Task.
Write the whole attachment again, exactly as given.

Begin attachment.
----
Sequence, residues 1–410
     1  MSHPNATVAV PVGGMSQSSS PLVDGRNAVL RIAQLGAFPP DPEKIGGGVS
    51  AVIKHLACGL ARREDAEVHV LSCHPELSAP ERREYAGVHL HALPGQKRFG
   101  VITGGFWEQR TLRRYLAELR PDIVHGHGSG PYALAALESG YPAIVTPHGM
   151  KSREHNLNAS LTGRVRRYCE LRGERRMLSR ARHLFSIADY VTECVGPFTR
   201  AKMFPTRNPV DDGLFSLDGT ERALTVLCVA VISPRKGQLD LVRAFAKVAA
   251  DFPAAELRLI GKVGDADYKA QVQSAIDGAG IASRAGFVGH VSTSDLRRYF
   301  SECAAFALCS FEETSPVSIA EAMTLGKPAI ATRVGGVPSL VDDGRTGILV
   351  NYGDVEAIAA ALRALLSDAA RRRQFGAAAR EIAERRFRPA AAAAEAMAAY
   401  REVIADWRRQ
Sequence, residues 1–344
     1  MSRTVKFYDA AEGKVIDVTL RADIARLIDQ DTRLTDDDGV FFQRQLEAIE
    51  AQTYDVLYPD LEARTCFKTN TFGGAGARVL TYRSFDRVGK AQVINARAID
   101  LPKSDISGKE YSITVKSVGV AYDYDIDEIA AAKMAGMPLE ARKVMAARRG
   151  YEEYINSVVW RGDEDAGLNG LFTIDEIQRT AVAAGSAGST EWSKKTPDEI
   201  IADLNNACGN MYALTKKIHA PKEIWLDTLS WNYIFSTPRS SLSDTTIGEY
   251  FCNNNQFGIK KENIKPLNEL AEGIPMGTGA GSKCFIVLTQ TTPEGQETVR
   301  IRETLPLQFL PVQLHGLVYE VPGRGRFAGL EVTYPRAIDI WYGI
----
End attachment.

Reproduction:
Sequence, residues 1–410
     1  MSHPNATVAV PVGGMSQSSS PLVDGRNAVL RIAQLGAFPP DPEKIGGGVS
    51  AVIKHLACGL ARREDAEVHV LSCHPELSAP ERREYAGVHL HALPGQKRFG
   101  VITGGFWEQR TLRRYLAELR PDIVHGHGSG PYALAALESG YPAIVTPHGM
   151  KSREHNLNAS LTGRVRRYCE LRGERRMLSR ARHLFSIADY VTECVGPFTR
   201  AKMFPTRNPV DDGLFSLDGT ERALTVLCVA VISPRKGQLD LVRAFAKVAA
   251  DFPAAELRLI GKVGDADYKA QVQSAIDGAG IASRAGFVGH VSTSDLRRYF
   301  SECAAFALCS FEETSPVSIA EAMTLGKPAI ATRVGGVPSL VDDGRTGILV
   351  NYGDVEAIAA ALRALLSDAA RRRQFGAAAR EIAERRFRPA AAAAEAMAAY
   401  REVIADWRRQ
Sequence, residues 1–344
     1  MSRTVKFYDA AEGKVIDVTL RADIARLIDQ DTRLTDDDGV FFQRQLEAIE
    51  AQTYDVLYPD LEARTCFKTN TFGGAGARVL TYRSFDRVGK AQVINARAID
   101  LPKSDISGKE YSITVKSVGV AYDYDIDEIA AAKMAGMPLE ARKVMAARRG
   151  YEEYINSVVW RGDEDAGLNG LFTIDEIQRT AVAAGSAGST EWSKKTPDEI
   201  IADLNNACGN MYALTKKIHA PKEIWLDTLS WNYIFSTPRS SLSDTTIGEY
   251  FCNNNQFGIK KENIKPLNEL AEGIPMGTGA GSKCFIVLTQ TTPEGQETVR
   301  IRETLPLQFL PVQLHGLVYE VPGRGRFAGL EVTYPRAIDI WYGI